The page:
Here it is The Copper John. I have been asked to demonstrate this fly by more people in the past few years than nearly any other, and with good reason. While not a complicated fly by any means, this pattern is somewhat involved and has a lot of parts. There is simply a whole lot going on in a Copper John, but with planning and practice, it’s really pretty simple.
One of the reasons that the Copper John works so well is its heavily weighted underbody and bead head. I go so far as to tie all of mine with tungsten beads and lead wire! The wire overbody adds segmentation, flash, weight and durability, and the epoxy coated Thinskin flashback is bullet proof.
This fly was originally designed by my good friend and UBER Fly Designer John Barr as a heavily weighted dropper pattern to drag down a smaller fly fished in tandem. It turns out the fish love the Copper for what it is and eat it as readily as the dropper. This is one of, if not THE, most popular flies in the country right now and is an integral part of John’s Hopper/Copper/Dropper System.
The H/C/D System consists of the BC Hopper (a large, foam bodied hopper, designed by John and myself that floats incredibly well and is highly visible) tied to the end of a 6-71/2 foot, 3X leader. About four feet of 4X fluorocarbon is tied to the bend of the hopper on one end with an appropriately sized Copper John tied to the other end. Tie another twelve to eighteen inches of 5X fluorocarbon to the bend of the Copper and attach your favorite hatch matching nymph pattern to the terminal end. Some good choices include Barr Emergers, Jujubee Midges, Jujubaetis, Barr’s Graphic Caddis Pupae and many other small patterns. The idea is that all portions of your normal nymph rig are represented but are also all viable options for a bite. The Hopper acts as an indicator and attractor, the Copper as a split shot and the Dropper as your fly. Rather than having only one or two flies in the water at a time, this system allows you to cover all depths at the same time with a viable pattern. I believe that fishing a combination of flies like this attracts fish to the flies better than fishing any of the patterns alone. I’ve had many times when a fish busts the hopper and I set the hook a little late but find that the fish had taken one of the nymphs on his way up. One fly gets their attention, the other reaches out and grabs ’em!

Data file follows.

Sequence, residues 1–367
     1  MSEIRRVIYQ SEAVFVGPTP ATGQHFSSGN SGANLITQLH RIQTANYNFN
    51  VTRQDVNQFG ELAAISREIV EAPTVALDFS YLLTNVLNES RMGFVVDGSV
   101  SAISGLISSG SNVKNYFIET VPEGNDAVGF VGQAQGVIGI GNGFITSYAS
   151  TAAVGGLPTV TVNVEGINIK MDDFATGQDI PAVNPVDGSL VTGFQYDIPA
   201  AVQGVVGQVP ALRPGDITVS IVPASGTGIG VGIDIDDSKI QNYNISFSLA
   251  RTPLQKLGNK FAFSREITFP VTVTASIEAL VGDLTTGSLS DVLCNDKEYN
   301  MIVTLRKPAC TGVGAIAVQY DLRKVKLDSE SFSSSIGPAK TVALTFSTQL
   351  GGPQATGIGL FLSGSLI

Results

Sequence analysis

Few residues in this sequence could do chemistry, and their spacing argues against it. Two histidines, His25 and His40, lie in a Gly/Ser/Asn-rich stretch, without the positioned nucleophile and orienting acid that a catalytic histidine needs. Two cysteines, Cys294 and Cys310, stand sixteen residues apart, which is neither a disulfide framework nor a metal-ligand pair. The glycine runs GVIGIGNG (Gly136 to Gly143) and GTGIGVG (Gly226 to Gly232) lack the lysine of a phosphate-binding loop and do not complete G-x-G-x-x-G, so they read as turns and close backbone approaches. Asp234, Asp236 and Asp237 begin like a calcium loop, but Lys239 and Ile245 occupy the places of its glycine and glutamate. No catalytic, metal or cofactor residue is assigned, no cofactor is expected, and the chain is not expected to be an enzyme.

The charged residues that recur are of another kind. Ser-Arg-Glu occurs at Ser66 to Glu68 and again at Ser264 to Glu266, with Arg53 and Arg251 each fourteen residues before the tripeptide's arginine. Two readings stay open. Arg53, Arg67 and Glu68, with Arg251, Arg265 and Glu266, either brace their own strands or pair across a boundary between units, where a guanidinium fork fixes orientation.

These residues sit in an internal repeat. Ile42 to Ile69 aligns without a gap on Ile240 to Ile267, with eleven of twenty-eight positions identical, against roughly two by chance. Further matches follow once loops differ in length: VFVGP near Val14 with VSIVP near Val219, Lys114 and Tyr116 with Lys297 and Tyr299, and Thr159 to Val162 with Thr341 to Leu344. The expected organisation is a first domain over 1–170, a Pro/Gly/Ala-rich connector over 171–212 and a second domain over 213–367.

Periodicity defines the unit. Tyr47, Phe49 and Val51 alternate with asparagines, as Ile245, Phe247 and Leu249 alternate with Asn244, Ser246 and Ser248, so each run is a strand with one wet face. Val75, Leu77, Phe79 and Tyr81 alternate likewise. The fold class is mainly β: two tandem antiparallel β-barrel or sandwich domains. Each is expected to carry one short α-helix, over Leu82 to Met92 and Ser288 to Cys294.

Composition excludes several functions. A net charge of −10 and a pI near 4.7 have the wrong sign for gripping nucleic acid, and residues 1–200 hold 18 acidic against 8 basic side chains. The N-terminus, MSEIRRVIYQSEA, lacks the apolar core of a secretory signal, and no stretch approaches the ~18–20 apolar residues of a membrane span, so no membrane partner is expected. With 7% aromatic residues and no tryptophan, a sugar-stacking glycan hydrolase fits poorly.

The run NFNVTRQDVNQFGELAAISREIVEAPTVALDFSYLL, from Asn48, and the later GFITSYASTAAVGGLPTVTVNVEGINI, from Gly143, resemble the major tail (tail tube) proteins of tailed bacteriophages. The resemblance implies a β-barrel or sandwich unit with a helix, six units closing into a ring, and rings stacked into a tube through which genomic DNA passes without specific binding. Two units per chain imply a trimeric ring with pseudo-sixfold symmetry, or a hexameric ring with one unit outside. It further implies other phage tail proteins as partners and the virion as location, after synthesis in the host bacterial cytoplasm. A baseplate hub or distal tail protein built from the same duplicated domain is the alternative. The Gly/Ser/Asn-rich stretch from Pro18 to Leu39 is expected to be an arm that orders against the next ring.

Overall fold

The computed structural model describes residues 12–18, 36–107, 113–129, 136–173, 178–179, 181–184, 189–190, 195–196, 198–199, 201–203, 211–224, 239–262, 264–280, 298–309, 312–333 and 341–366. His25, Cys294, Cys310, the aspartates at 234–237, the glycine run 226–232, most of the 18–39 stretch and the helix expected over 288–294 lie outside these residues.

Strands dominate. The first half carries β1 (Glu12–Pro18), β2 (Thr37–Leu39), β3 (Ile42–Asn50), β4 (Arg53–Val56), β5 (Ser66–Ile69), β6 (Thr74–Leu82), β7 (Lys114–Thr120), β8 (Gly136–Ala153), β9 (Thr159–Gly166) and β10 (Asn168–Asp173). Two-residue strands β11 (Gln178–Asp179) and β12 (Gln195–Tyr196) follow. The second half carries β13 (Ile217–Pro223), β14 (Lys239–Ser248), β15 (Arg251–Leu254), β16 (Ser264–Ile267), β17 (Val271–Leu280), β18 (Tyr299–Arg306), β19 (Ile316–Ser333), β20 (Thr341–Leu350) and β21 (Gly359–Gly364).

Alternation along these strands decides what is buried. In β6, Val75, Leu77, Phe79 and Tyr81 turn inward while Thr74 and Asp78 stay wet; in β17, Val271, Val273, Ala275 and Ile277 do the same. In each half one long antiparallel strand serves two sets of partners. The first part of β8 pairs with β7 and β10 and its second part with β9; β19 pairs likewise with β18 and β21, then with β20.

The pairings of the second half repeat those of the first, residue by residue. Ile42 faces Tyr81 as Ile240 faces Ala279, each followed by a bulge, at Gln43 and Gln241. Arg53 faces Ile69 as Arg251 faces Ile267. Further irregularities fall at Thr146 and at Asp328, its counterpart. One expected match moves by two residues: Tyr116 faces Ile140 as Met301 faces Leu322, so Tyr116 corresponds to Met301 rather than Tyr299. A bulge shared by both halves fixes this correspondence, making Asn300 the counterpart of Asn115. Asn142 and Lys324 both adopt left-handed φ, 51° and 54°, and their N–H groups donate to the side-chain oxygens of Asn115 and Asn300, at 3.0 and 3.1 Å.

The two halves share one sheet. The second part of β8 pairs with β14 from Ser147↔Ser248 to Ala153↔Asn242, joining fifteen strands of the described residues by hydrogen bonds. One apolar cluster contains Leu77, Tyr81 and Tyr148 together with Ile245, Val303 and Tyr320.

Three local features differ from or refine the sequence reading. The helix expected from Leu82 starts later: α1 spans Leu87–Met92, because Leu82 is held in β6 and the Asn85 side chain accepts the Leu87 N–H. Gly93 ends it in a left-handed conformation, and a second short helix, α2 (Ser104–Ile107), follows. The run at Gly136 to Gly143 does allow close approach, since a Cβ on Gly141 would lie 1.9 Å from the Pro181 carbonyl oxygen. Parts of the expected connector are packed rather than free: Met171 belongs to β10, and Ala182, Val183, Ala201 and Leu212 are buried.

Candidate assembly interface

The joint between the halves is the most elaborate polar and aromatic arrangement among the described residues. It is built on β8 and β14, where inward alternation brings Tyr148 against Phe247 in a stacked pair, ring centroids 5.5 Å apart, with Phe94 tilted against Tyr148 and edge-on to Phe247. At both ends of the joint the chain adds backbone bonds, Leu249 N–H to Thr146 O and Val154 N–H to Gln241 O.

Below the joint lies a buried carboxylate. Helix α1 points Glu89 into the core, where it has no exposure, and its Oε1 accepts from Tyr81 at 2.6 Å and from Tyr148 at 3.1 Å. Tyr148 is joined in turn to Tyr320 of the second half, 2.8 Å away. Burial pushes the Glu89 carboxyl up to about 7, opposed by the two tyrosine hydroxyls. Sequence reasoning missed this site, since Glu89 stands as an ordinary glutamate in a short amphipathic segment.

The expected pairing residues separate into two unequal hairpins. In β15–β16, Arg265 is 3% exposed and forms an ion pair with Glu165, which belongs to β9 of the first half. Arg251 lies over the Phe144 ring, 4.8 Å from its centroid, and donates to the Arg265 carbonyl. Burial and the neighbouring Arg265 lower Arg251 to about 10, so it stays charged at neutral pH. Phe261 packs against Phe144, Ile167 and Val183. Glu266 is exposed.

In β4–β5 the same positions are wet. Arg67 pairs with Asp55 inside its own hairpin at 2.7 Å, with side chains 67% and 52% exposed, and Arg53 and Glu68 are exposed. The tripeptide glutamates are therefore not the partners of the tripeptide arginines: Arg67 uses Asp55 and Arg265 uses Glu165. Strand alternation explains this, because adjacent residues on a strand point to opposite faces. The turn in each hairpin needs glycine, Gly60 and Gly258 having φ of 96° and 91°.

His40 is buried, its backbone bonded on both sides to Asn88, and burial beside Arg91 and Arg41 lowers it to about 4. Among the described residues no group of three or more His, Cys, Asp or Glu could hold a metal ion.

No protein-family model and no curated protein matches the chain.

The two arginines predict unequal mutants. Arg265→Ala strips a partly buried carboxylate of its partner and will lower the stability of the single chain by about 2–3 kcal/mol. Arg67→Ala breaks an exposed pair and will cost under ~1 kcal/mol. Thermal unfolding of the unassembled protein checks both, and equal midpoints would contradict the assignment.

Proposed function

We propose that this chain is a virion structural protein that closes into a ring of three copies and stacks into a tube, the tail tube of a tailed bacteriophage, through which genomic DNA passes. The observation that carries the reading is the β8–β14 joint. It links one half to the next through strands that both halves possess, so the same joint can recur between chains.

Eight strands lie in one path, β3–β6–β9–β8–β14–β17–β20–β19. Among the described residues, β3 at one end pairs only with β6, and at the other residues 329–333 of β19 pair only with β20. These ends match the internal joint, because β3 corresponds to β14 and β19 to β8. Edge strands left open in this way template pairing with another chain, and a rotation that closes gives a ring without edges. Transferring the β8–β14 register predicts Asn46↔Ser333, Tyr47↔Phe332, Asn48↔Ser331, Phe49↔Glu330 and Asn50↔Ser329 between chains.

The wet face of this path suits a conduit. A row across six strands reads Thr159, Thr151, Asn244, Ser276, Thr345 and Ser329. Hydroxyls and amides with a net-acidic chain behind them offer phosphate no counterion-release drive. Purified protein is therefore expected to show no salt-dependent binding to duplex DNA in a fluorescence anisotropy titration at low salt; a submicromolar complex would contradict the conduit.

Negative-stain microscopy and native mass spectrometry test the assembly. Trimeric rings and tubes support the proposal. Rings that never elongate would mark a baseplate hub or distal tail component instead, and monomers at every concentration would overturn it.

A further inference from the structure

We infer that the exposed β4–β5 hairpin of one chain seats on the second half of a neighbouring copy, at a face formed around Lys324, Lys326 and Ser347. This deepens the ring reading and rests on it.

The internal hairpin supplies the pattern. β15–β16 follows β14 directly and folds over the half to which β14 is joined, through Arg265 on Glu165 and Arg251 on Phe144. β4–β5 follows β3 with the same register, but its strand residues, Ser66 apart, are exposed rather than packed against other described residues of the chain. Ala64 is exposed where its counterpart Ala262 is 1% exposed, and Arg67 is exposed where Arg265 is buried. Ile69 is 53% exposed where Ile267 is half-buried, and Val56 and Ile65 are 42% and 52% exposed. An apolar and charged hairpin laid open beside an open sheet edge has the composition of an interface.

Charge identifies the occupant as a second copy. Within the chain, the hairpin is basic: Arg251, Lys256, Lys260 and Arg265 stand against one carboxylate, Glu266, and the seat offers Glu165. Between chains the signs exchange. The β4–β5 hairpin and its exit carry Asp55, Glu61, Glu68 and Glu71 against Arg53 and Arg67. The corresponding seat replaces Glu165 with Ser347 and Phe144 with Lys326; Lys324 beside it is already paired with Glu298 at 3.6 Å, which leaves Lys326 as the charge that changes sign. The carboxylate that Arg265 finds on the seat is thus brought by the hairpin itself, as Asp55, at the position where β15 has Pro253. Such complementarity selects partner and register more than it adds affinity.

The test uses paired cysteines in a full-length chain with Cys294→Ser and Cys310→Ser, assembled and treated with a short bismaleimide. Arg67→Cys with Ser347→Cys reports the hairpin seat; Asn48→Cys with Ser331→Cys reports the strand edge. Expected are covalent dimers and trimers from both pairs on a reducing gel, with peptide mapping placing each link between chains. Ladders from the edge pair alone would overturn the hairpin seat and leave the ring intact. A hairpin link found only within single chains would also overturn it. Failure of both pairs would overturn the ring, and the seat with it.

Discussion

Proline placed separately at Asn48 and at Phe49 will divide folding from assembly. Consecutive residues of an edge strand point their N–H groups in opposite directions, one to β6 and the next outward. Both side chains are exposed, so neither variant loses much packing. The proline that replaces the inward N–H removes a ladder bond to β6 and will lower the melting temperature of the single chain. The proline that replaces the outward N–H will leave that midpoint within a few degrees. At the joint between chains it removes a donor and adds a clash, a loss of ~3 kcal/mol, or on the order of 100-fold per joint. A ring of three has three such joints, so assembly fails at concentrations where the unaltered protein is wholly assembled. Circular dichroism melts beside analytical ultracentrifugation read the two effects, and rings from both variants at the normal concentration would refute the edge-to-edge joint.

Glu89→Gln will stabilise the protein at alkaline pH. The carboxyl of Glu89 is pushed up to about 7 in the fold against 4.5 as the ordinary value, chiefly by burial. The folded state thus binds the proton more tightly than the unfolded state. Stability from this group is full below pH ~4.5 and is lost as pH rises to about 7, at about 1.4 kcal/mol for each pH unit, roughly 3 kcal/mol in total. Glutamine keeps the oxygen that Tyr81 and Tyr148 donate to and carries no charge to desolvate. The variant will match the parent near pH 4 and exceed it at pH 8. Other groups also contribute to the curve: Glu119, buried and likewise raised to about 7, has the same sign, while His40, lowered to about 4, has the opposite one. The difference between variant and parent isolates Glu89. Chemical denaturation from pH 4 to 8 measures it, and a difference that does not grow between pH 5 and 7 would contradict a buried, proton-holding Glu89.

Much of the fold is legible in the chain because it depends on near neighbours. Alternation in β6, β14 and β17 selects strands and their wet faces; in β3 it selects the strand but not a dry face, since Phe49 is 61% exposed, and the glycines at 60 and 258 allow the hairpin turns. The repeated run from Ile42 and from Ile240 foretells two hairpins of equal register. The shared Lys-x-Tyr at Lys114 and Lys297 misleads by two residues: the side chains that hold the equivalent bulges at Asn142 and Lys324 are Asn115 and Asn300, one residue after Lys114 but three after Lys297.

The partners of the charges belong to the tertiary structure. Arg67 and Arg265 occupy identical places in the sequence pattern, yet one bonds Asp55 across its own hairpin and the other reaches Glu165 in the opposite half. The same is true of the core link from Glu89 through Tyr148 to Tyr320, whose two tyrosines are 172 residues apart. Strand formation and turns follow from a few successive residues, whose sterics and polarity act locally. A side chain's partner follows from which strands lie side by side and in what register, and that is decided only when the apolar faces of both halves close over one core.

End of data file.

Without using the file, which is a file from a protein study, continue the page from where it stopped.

I admit the rig does sound cumbersome to cast, but as long as it is built with the above leader system it casts like a breeze. Be sure to keep an open loop and follow through with the cast.
Check out the directions and tie up some Coppers for your box. Give the Hopper/Copper/Dropper system a try this year and see if you don’t become a believer too!